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Kerschan-Schindl K.,Universitatsklinik For Physikalische Medizin Und Rehabilitation | MacHold K.,Universitatsklinik For Innere Medizin Iii
Physikalische Medizin Rehabilitationsmedizin Kurortmedizin | Year: 2011

Rheumatoid arthritis (RA) is a chronic inflammatory disease characterised by joint swelling, joint tenderness and joint destruction, leading to severe disability and premature mortality. RA is considered an autoimmune disease, however, lifestyle factors also influence the clinical manifestation of the disease. The ACR (American College of Rheumatology)-classification criteria have a significant limitation in discriminating patients suffering of early RA. To be able to treat these patients as soon as possible, the new ACR/EULAR- (European League Against Rheumatism-) classification criteria were developed. Despite medical treatment RA-patients often have deficits in body structure and function, activities, and participation. The international classification of functioning, disability and health (ICF) comprehensive core set for rheumatoid arthritis helps to assess patients daily functioning and to plan a complex rehabilitation performed by a multidisciplinary team. Non-pharmacologic therapeutic options include exercise, occupational therapy, different physical modalities, psychologic care, and special diets. Such a rehabilitation program has to be individualised to optimise the effect and to conserve the patients function and independence as long as possible. © Georg Thieme Verlag KG Stuttgart·New York. Source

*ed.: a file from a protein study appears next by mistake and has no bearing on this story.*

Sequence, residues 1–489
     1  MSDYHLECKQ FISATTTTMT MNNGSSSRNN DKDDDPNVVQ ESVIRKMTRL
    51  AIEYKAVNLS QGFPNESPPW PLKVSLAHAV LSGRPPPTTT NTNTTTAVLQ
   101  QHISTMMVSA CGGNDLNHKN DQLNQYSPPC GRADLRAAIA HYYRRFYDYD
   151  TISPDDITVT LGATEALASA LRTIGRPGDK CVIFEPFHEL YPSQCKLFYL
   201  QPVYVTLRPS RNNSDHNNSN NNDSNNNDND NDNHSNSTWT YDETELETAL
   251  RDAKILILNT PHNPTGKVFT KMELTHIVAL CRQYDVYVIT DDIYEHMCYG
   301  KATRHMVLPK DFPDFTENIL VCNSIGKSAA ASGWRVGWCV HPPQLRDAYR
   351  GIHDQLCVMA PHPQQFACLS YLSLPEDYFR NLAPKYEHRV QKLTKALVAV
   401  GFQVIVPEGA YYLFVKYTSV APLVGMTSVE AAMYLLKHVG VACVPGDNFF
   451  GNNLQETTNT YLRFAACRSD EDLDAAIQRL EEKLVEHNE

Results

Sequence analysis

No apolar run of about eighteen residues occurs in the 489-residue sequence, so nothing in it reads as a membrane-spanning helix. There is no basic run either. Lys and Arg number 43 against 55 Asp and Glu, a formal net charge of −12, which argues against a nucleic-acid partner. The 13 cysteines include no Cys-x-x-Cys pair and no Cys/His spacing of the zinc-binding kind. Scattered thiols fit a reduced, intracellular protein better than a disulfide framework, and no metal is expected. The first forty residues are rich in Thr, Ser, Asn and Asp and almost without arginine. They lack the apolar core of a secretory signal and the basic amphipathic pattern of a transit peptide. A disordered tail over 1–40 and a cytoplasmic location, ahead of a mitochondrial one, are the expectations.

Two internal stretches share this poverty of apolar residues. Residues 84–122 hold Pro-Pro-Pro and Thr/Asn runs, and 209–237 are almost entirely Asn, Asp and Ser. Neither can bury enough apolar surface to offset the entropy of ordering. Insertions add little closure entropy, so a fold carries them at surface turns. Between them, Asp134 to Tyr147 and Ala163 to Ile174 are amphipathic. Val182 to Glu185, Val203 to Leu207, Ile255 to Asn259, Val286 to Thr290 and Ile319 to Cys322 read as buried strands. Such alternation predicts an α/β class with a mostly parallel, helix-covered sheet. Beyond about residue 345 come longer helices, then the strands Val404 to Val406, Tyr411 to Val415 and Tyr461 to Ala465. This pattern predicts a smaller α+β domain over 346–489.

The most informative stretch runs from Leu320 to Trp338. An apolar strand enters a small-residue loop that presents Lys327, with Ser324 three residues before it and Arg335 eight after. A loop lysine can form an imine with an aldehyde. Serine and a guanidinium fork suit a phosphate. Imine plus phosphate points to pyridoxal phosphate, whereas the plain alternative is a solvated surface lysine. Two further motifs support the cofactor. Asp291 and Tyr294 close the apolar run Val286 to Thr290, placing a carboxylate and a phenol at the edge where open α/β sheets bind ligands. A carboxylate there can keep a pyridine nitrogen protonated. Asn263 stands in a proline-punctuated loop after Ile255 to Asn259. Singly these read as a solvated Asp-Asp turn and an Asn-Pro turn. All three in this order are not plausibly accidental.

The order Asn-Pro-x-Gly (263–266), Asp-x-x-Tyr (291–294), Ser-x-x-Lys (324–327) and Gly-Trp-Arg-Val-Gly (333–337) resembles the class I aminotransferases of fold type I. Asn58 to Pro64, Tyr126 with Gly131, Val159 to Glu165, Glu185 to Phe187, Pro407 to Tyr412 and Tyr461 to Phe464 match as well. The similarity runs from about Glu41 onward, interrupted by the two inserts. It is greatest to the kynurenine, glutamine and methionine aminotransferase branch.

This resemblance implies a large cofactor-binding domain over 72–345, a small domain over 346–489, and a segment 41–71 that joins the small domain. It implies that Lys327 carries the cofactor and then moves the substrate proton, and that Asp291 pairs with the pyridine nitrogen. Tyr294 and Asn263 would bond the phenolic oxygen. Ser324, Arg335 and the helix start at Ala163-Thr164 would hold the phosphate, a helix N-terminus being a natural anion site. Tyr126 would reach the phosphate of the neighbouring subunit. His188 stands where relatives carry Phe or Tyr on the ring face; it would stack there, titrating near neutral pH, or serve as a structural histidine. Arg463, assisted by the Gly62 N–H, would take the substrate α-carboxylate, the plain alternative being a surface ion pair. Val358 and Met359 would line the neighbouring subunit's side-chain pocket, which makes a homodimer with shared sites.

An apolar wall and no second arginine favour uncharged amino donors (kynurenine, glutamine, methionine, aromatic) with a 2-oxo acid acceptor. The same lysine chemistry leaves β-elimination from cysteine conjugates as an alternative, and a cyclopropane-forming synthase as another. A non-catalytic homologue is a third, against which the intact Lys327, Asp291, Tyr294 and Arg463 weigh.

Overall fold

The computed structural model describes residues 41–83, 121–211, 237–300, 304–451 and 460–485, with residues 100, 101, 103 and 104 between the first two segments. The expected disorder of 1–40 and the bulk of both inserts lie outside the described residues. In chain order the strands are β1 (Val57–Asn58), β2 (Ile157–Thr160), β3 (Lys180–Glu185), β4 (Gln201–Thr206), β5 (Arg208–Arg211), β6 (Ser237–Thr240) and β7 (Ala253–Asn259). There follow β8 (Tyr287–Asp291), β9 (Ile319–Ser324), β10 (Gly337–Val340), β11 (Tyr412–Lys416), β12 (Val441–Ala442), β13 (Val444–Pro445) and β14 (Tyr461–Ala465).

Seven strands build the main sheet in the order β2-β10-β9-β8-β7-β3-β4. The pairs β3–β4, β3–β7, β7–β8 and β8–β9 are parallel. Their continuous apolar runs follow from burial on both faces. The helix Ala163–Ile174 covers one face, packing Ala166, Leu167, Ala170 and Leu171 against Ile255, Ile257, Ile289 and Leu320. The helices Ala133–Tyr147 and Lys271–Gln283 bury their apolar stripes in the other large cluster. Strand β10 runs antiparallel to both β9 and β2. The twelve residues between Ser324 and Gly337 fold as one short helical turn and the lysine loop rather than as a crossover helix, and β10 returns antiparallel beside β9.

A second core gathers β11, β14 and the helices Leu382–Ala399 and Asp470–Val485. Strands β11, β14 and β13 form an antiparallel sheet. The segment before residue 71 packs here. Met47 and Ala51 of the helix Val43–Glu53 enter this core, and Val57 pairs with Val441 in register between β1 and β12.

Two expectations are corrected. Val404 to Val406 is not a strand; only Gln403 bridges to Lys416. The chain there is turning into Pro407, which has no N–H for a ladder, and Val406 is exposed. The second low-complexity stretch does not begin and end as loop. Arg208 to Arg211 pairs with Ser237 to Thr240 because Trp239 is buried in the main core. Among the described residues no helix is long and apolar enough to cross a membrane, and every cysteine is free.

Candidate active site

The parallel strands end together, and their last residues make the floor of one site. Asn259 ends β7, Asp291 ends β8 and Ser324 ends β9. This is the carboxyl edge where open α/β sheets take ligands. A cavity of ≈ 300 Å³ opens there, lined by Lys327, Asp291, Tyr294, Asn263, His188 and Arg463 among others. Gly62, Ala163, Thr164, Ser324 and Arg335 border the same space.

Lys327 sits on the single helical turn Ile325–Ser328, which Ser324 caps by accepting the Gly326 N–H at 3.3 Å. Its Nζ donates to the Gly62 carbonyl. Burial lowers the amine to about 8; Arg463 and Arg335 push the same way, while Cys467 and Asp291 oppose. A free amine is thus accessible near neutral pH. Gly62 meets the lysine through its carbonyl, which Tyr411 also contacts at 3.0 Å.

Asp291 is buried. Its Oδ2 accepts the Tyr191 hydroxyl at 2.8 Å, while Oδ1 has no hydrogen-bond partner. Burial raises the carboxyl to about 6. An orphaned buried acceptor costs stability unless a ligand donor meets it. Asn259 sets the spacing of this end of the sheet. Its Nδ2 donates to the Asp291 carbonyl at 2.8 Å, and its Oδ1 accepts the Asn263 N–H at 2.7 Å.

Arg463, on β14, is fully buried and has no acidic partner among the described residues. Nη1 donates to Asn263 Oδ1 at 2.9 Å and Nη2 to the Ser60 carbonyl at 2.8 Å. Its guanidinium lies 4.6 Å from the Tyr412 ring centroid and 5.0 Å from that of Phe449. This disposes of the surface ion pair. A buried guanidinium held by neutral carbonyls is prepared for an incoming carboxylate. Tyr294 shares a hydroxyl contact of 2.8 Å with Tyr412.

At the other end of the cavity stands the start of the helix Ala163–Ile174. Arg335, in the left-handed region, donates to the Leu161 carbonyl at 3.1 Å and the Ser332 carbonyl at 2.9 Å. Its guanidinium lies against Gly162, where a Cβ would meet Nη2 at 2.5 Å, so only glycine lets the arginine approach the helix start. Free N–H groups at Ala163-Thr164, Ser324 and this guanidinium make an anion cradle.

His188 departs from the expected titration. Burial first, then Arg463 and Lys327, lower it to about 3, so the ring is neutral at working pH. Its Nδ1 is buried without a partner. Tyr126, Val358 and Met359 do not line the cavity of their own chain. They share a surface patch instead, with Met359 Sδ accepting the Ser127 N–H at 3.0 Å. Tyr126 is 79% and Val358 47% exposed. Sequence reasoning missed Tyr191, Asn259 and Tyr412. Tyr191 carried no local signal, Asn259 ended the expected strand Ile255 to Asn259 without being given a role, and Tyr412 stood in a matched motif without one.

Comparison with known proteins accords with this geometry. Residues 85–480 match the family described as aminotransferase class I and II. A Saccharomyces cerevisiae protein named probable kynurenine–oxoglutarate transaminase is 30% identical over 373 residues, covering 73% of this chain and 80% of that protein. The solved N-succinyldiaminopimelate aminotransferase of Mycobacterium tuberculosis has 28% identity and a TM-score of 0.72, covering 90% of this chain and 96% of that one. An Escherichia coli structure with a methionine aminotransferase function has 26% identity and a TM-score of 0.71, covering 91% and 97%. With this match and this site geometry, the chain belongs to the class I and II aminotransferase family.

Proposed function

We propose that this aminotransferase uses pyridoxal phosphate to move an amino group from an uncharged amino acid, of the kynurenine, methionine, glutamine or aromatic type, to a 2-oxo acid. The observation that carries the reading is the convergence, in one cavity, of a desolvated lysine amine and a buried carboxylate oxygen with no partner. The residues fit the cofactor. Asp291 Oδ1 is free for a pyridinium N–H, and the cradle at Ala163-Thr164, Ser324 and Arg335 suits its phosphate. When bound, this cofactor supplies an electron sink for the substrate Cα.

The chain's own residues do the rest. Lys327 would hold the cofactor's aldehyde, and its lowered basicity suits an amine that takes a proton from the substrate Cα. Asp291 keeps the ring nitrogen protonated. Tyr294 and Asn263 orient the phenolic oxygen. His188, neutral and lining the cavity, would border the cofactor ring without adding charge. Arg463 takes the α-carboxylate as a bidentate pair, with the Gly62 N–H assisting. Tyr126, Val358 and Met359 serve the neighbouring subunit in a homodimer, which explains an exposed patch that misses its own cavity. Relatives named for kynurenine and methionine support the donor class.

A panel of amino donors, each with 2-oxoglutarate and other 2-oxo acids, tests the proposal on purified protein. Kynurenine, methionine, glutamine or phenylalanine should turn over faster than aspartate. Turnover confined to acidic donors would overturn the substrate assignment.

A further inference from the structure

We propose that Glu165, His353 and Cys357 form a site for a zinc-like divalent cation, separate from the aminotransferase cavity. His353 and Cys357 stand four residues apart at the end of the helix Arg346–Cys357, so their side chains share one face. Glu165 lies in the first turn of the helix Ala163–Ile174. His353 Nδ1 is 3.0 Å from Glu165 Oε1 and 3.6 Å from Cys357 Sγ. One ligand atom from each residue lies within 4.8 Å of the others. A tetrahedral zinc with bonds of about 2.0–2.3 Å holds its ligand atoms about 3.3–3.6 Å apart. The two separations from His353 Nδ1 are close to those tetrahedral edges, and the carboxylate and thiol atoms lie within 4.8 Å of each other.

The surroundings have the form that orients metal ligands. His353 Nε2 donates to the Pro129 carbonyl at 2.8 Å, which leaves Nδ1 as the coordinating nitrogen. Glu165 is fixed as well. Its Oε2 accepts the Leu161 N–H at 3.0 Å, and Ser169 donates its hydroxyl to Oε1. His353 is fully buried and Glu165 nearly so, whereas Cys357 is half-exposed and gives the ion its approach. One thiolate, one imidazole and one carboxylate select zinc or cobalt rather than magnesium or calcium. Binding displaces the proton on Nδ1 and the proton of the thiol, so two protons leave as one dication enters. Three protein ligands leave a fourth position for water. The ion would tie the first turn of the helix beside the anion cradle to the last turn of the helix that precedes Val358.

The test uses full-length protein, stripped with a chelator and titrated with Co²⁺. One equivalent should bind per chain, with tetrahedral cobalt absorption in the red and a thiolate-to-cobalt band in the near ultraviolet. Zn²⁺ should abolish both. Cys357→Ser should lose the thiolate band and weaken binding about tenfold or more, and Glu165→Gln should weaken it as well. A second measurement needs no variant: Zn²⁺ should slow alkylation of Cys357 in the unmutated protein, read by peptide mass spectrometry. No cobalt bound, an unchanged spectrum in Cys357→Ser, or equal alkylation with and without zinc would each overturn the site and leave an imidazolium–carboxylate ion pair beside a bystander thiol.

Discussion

Abrahamian H.,Internistisches Zentrum | Kautzky-Willer A.,Universitatsklinik For Innere Medizin Iii
Wiener Medizinische Wochenschrift | Year: 2016

The association between obesity and sexual dysfunction has been described in many studies. Neurobiological, hormonal, vascular and mental disturbances are the main reasons in male and in female gender. Sexual interest and desire, sexual arousal, orgasm, painful intercourse and premature ejaculation can be involved. Data for prevalence of sexual function disturbances in obese people are scarce and most studies were small. For screening of sexual function we recommend the International Index of Erectile Function (IIEF)-Score, which contains 15 Items for males and the Female Sexual Function Index (FSFI), which contains 19 items for females. Treatment of sexual function disturbances include lifestyle changes with an increase of physical activity, weight control, healthy eating and smoking cessation. Testosterone substitution in cases of real hypogonadism and treatment with PDE-5 inhibitors are well documented treatment options in male individuals. New treatment options for female patients with variable effectiveness are fibanserin, testosterone, bupropione and oxytocin. © 2016, Springer-Verlag Wien. Source


Ferenci P.,Medical University of Vienna | Ferenci P.,Universitatsklinik For Innere Medizin Iii | Laferl H.,Kaiser Franz Josef Spital | Scherzer T.,Medical University of Vienna | And 12 more authors.
Gastroenterology | Year: 2010